Southwestern College Intern’s Reflections…
Some of you wonder what we mean by “transforming consciousness through education”, and what that looks like in the world. Well, I would offer you this deeply reflective piece of writing by Intern, Eric Golden, to give you a sense of how our students internalize the teachings, and how it impacts them as they work in what CAN be a hardened mental health industry… Eric is an altogether extraordinary man…
Thoughts on Symbolism: An Excerpt from My Internship Paper.
Doing an internship in the community of Espanola has been a great teacher for me. Never before have I ever had an illustration of how powerfully the individual’s soul is speaking to us. “Symptoms,” especially behavioral symptoms, seem to be the primal fierceness of the soul screaming to be expressed. “I matter, hear me, see me. I am strong, respect me. I am beautiful and worthy of love. My gifts and talents matter and are valuable.” Symptoms are the symbols and messages that the psyche is floating up into consciousness requesting recognition or guidance into consciousness and form. The tree whose roots break through the sidewalk is not being hateful or intending to destroy the sidewalk, it is merely growing and emerging as the powerful and majestic tree and being that it is. Its behavioral request is simply to “let me grow and be.” Does the gang member’s affiliation actually scream out for qualities like safety, belonging, reclamation of power, tribe and family? Does the heroin needle actually desperately symbolize a request for rest by an exhausted nervous system, inner peace, respite from the pain, desire for an altered state of consciousness from a “lost” spiritual seeker or a slow unsure surrender? Does excessive and unhealthy sexual behavior actually ache for intimacy, connection, love and an expression of human fertility and creativity? Is violent behavior actually the cry of an unrecognized and unrespected warrior? Is the graffiti artist and tagger just an artist longing for a canvas? There may actually be a soulful request in all of these “problem” behaviors. As a new therapist I am learning the importance of sitting as a listener and mirror to the messages and requests of our human souls.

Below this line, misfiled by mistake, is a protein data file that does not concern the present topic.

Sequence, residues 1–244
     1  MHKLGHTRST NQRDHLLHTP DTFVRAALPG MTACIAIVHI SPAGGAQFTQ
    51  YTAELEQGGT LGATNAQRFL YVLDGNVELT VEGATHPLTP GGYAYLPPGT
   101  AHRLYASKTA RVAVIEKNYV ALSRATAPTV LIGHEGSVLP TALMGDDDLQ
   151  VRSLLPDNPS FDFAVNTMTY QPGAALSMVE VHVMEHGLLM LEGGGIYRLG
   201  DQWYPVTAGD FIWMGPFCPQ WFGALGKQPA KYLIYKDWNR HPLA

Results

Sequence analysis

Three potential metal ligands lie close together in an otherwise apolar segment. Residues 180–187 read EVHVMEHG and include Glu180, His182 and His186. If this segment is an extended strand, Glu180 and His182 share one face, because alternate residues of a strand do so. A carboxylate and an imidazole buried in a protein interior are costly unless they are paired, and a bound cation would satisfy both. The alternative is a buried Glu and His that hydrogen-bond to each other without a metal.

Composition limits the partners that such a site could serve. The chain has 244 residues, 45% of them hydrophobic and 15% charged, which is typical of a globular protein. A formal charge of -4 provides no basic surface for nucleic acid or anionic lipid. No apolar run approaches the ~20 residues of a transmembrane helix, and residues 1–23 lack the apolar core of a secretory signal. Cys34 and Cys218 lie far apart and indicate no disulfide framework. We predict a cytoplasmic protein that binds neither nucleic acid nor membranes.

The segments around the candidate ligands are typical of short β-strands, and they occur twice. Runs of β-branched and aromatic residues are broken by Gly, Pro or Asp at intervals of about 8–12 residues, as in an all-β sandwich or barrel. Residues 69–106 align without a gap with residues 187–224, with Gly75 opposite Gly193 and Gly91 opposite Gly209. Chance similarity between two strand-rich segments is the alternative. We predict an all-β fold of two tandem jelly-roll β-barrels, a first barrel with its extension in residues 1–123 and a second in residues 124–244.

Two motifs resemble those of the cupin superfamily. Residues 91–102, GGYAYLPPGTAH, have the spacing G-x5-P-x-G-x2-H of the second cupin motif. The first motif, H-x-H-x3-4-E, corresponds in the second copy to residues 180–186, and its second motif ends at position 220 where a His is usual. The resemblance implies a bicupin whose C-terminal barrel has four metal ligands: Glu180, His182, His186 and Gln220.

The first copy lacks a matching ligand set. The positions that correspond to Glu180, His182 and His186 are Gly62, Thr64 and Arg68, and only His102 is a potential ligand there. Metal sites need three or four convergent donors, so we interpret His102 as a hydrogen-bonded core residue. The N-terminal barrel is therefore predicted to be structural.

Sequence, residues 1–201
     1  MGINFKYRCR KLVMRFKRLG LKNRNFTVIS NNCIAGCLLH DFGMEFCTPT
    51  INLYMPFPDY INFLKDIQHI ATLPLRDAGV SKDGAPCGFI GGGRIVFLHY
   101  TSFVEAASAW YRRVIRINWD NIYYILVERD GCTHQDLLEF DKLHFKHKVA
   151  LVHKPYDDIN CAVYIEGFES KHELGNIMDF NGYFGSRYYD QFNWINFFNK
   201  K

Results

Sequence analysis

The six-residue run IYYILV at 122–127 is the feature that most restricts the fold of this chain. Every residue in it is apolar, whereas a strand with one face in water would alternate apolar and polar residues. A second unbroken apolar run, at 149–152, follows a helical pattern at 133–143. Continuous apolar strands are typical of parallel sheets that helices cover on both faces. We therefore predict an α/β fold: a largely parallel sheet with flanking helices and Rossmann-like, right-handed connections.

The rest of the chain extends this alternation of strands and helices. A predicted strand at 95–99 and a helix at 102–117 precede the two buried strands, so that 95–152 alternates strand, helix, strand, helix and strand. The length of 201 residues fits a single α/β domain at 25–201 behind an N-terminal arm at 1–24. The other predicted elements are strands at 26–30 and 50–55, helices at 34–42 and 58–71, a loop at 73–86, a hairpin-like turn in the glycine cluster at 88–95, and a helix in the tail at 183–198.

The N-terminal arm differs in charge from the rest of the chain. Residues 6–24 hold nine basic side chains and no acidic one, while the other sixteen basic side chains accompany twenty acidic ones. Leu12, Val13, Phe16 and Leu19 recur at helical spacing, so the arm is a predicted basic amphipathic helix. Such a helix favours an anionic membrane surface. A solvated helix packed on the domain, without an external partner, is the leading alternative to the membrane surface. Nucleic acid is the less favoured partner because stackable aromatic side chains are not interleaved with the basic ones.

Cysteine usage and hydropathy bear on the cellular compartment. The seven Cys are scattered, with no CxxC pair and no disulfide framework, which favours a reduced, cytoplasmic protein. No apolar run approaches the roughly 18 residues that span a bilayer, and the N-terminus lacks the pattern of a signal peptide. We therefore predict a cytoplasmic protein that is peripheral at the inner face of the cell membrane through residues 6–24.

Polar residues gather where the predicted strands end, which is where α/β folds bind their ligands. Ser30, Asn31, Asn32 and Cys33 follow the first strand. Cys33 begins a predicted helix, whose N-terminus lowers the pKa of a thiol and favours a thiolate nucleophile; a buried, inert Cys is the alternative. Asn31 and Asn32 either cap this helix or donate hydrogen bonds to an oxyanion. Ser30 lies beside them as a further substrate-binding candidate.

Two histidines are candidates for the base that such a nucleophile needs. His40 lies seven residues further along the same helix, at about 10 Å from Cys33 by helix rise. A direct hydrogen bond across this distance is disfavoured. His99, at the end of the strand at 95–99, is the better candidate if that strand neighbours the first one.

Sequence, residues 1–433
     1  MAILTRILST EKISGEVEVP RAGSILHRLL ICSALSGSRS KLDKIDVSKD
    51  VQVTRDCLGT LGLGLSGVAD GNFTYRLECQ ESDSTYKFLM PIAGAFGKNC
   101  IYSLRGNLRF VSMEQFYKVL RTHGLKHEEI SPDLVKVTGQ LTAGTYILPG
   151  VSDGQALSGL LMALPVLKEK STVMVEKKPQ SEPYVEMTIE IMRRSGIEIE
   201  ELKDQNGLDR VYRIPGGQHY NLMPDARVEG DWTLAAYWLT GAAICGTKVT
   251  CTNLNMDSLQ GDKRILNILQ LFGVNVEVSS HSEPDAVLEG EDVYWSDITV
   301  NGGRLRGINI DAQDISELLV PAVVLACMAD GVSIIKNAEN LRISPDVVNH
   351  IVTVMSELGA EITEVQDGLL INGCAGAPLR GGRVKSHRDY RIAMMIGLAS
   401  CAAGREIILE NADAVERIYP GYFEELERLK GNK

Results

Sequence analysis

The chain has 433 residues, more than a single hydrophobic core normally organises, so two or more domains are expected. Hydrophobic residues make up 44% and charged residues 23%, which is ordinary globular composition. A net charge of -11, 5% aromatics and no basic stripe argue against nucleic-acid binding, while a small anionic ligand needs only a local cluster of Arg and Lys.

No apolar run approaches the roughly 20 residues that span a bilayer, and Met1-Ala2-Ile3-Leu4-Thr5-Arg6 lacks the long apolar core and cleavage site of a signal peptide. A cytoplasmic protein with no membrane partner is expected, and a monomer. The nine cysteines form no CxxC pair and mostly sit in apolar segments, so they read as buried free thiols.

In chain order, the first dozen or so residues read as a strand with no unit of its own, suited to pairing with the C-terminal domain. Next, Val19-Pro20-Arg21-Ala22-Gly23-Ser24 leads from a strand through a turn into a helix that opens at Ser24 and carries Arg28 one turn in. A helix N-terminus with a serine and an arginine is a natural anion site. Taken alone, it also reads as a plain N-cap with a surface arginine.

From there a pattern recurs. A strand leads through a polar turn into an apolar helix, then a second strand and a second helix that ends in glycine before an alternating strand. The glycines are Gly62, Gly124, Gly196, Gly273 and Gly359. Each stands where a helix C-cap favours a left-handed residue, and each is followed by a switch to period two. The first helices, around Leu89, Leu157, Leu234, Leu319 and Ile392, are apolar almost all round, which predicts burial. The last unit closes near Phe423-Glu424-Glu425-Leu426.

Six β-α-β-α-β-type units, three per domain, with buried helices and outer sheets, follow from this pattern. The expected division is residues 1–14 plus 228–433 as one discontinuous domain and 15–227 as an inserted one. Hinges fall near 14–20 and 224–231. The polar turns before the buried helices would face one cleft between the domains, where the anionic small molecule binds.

For example I have been working with a 15 year old Native American young man for whom anger, violence and fighting is how he has been moved to survive and react to situations in the world. Violent behavior has caused him to be expelled from school and causing him many problems on his pueblo. We discussed how he is responsible for his own behavior and choices. Once he was able to acknowledge and talk about how power and force have been his first reactions to difficult situations we were able to start exploring what healthy qualities in him might be emerging in maladaptive and unhealthy ways. We began to discuss the beautiful and tough warrior culture of his tribe and the strength of his people. We are just now at this point in our work together. He is in the process of exploring his own warrior culture and he is allowing me to be a companion and witness to his discovery. This feels like the work to me with this young man. Not only have we been developing his skills and tools for tracking, calming and slowing himself when needed, but we are also making connections with his inner and outer resources of self and community. I feel that this young man is a good example of a young warrior screaming to be expressed and recognized both in himself and amongst his community. My prayer is that he is transforming what seems like a curse in his world into the recognition of a blessing in his life.
Another example of symptom as symbol came recently as I was given the opportunity to work with an adult client with hoarding issues. She was amazing, interesting and eccentric but was owned by the clutter of paperwork and objects in her home. With great strength and courage she would consolidate or discard old phone numbers of people she hadn’t ever had relationship with or didn’t even know. She would have great difficulty and I could almost feel her panic. I interpreted this symptom, correctly or incorrectly, as not an attachment to an object but as a symbol of human connection. Throwing a telephone number away represented the severing of possibility to an unknown relationship or connection. A decade old schedule to a series of continued learning programs may have represented the possibility and hope of dreams and activities being realized. This perspective of paying attention to what an object or behavior might have symbolized really helped me to be with this woman in her courageous healing and struggle. My prayer is that at the bottom of the clutter she will find hope, possibility and freedom. I hope she realizes, at whatever level possible, that these gifts, although hidden, were there all along.